Ichthyosaurs suffered from the bends

The extinct ichthyosaurus would have evolved to handle deep-sea dives. Image: Photographer: User:Ballista from Charmouth Heritage Coast Centre, Charmouth, England/Wikimedia Commons

These ancient reptiles may have injured themselves during long deep-sea dives.

The giant dolphin-like ichthyosaurs first appeared over 245 million years ago in Earth’s oceans and would have made numerous deep-sea dives during their lifetimes. But this practice may not have been healthy for them, as deformities found on the fossilised remains of an ichthyosaurus skeleton seem to be similar to the lesions developed by human divers suffering from the bends.

The question is, how did it happen? The group of scientists from the University of Kansas in the US, who identified these lesions, suggested that they might have been the result of the dinosaur surfacing too quickly from deep dives. “Diving in the Triassic appears to have been a leisurely behaviour until the evolution of large predators in the Late Jurassic that forced sudden depth alterations contributed to a higher occurrence of bends,” they said in the study, published in Naturwissenschaften: Science of Nature.

However, associate professor John Hayman from the University of Melbourne has suggested that the reptile may have developed these lesions while spending too much time at deep depths, rather than making quick ascents. He has conducted several autopsies on human divers and says that their lungs rupture after a quick ascent; they do not develop the bends.

Marine reptiles would have dived with one atmosphere of pressure in their lungs and surfaced with the same pressure, so they would not suffer from sudden ascents. “However, when at depth their lungs are compressed, air in them is under pressure and the deeper they dive and the longer they stay down the more nitrogen goes into solution,” Hayman explains. “This comes out of solution after several hours at the surface, and it is the nitrogen bubbles that produce the bends and the bone necrosis.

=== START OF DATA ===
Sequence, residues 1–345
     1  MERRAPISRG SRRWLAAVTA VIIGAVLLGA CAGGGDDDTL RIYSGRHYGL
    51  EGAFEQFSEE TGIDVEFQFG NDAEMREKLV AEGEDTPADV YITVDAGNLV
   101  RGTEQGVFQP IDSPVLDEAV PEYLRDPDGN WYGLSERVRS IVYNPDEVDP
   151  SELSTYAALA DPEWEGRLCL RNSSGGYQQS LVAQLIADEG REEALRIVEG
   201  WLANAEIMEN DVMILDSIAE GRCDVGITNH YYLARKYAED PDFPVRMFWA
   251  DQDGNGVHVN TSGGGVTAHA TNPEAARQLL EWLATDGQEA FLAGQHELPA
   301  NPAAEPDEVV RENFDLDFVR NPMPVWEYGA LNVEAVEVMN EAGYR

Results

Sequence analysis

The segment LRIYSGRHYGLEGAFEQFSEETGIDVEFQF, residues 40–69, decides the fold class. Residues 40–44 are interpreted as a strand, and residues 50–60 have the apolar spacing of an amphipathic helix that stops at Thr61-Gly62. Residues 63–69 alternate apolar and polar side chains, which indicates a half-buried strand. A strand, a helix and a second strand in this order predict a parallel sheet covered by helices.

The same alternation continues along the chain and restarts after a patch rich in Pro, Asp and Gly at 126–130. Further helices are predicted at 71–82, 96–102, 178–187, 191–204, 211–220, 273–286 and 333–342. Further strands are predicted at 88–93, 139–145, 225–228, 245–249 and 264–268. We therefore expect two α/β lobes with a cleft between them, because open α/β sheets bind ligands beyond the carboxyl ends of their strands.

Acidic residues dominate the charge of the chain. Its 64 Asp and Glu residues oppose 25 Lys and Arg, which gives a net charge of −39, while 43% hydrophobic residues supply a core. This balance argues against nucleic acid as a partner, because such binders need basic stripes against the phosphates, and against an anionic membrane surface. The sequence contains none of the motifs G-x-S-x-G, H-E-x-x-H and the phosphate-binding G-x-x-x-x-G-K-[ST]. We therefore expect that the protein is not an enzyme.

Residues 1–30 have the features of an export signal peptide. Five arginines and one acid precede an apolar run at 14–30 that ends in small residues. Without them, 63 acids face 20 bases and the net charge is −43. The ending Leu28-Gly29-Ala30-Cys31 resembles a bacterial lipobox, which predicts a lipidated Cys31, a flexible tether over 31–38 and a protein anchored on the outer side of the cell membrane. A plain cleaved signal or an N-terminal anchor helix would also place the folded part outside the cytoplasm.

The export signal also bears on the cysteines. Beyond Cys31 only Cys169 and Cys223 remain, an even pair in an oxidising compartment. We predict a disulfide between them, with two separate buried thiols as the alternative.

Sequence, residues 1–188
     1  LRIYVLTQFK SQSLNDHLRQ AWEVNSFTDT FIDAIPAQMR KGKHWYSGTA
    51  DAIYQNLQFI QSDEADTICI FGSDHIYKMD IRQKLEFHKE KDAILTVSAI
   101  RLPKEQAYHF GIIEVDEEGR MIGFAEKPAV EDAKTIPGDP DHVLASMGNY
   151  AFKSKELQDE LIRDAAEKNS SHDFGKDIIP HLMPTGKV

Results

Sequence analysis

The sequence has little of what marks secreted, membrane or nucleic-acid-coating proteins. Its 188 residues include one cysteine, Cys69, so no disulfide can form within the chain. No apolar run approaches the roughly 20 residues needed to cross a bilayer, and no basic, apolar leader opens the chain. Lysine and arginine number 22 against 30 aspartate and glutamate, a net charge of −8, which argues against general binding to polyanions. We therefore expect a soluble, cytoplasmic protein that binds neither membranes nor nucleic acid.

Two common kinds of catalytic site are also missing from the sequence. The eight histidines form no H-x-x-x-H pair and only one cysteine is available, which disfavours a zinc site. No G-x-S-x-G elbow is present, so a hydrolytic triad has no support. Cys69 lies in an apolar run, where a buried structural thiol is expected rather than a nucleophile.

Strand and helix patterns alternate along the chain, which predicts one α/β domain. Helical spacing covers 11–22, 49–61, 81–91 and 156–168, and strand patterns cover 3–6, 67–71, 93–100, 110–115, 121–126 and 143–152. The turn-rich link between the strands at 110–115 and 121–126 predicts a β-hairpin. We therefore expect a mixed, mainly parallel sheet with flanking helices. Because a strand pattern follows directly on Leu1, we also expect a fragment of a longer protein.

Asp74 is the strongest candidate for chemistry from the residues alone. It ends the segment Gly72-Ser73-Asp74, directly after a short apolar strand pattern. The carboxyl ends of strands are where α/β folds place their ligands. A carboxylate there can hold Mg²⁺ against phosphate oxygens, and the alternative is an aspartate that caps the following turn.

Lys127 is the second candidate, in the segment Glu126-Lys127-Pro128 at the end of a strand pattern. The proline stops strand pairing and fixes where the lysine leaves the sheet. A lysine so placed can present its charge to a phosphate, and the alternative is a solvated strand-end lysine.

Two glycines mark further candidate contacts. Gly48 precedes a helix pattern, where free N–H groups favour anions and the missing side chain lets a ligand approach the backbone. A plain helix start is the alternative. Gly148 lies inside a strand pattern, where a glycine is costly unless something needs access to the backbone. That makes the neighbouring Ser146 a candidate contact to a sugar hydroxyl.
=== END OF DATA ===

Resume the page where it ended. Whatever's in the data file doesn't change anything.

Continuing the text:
“The point of all this is that they developed bone necrosis not because they were escaping newly evolved predators but (because) they themselves had evolved the ability to dive deeper and stay down longer.”

Hayman says the ichthyosaurs most likely would have developed the bends when they were resting in shallow water at night after deep diving during the day. “An alternative, less likely explanation is that they were herded into shallow water during the day and confined there for hours by predators. Either way, the lower ambient water pressure would allow nitrogen to come out of solution.”

The dangerous practice of deep sea diving wouldn’t have affected the reptiles’ long-term survival, Hayman states in his analysis, also published in Naturwissenschaften: Science of Nature, as any ill effects would have developed later in life. “The lesions wouldn’t have been enough to kill the animal, and wouldn’t have affected its ability to hunt or breed,” he says.

 

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